Misconceptions About Saltless Systems

Make an Informed Decision About What’s Right for Your Home

Recently a number of municipalities in Southeast Wisconsin have begun to push homeowners to switch to saltless systems for their water. And while these systems seem intriguing on the surface, it’s important for homeowners to consider a variety of factors before making the switch. What are these systems? How do they truly work? Water Doctors is here to provide you with answers.

What is a Saltless System?

First and foremost, it’s essential to note that a saltless system is not actually a water softener. Instead, it’s better described as a water descaler. This type of equipment, originally developed for the Asian market, was created with the intention of descaling hard water and reducing calcium buildup. However, it does not actually remove hardness from your water — it conditions it.

A saltless system will follow one of two methods to condition calcium in your water: coating or absorption. Most commonly, saltless systems will form a crystalline structure around calcium in your water, allowing this chemical to pass through your plumbing. Saltless systems do not offer the same treatment as soft water systems, so it’s important to note that conditioned water will not act like soft water, feel like soft water, or provide the benefits of soft water that you may be used to.

The Cost of Saltless Systems

Saltless systems are often praised as a greener and cheaper option for soft water in the home. With a low buy-in price, they are very appealing to homeowners, but it’s important to understand the long-term investment of these systems. The equipment was initially meant to target water near oceans with a hardness of up to 3-4 grains per gallon. Current systems can target the hardness of approximately 15 grains, but this is often insufficient when dealing with hard water in Southeast Wisconsin. Even near Lake Michigan, which has an average of 8-9 grains and more moderate hard water properties than surrounding areas, you can expect heavy maintenance on saltless systems as they struggle to keep up with hard water. Some areas in Southeast Wisconsin even surpass 22 grains per gallon, which saltless systems often lack the capacity to handle.

As saltless systems can struggle to keep up with local hard water, you’ll have to rebed the unit or change filters on a frequent basis. A rebed could run you hundreds of dollars each time, so be aware that this can add up quickly. For areas on Lake Michigan water supply, you may need to rebed after a year and a half of average water consumption — and for other areas with increased water hardness, the longevity of your saltless system or cartridge will decrease even further, sometimes needing to be rebedded every few months. As frequency of replacement increases, so will the cost you put into your saltless system.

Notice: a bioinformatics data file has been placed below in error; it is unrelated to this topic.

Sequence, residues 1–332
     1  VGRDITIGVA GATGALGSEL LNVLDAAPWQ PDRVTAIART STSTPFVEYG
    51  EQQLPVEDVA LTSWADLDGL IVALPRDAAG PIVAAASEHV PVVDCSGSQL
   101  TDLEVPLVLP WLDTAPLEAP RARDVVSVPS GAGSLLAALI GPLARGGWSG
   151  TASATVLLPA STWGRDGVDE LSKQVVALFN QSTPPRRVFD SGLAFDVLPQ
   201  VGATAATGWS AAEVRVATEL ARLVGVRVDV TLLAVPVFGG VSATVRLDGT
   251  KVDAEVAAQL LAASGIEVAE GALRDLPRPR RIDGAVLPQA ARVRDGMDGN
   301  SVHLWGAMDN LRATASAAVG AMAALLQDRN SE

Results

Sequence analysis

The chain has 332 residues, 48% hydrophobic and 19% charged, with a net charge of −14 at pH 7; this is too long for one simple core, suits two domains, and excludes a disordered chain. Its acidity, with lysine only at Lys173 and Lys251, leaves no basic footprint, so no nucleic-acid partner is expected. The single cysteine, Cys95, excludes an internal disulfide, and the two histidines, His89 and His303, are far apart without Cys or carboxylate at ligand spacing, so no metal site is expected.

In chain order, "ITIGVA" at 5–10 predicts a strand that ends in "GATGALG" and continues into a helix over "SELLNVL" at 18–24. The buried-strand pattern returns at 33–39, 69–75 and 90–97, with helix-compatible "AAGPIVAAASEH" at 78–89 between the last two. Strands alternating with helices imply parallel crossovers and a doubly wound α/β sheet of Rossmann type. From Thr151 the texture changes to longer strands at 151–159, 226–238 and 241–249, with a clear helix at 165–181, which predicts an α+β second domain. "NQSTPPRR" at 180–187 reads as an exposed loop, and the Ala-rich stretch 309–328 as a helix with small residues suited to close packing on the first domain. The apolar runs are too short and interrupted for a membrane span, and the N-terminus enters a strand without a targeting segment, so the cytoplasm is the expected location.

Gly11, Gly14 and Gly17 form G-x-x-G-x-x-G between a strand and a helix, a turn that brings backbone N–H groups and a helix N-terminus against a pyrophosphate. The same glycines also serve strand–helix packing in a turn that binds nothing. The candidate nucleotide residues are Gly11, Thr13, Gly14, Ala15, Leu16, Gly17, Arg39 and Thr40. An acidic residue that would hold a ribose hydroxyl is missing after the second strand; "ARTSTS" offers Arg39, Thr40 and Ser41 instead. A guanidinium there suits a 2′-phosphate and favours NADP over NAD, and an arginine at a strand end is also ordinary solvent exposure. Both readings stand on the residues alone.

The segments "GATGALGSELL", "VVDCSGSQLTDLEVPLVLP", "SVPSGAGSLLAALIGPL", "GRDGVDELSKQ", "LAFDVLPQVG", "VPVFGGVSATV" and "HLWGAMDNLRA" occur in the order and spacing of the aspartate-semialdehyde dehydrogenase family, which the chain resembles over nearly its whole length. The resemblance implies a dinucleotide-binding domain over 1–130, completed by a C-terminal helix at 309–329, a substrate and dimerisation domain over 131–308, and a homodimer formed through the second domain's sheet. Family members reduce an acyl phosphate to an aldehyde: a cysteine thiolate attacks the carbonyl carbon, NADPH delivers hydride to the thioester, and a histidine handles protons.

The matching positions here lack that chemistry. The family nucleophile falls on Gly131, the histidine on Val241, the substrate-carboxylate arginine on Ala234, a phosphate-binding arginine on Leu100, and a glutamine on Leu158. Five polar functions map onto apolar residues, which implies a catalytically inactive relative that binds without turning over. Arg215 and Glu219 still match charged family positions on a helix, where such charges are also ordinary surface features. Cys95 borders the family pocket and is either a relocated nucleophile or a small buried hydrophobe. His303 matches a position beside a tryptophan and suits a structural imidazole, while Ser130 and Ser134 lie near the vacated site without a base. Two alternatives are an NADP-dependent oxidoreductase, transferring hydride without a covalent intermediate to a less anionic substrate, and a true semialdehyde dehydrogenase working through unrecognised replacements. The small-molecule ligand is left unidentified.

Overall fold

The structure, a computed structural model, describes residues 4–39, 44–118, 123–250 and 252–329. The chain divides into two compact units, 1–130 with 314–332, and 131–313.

What System Does Water Doctors Recommend?

Water Doctors recommends that local homeowners continue to use water softeners despite the appeal of saltless systems. Saltless systems condition the water instead of removing the calcium present, but with a water softener, calcium is removed so you can enjoy all those familiar benefits of soft water you love: increased appliance lifespans, softer skin, shinier hair, and more. Water Doctors offers both non-electric twin tank water softeners and traditional electric water softeners from Kinetico.

While a water softener may cost more up front, it can save you money in the long run. On average, electric water softeners have a life expectancy of 15–20 years, with Kinetico systems often lasting beyond this time frame. Plus, with an inexpensive customer care program from Water Doctors, you can enjoy routine maintenance for years of optimal performance!

If you have other questions about saltless systems or water softeners, just ask! We’re happy to address any concerns you may have.

Invest in Cleaner, Safer Water

While the saltless system may be gaining traction, it’s important to remember that it’s not a one-size-fits-all solution and they are rarely sufficient for Wisconsin water. When comparing saltless systems with traditional water softeners, considering ongoing maintenance costs and the ability to handle your local hard water is essential.

Schedule a free water test to discover the solution that works best for your home.

Water Doctors

Water Doctors

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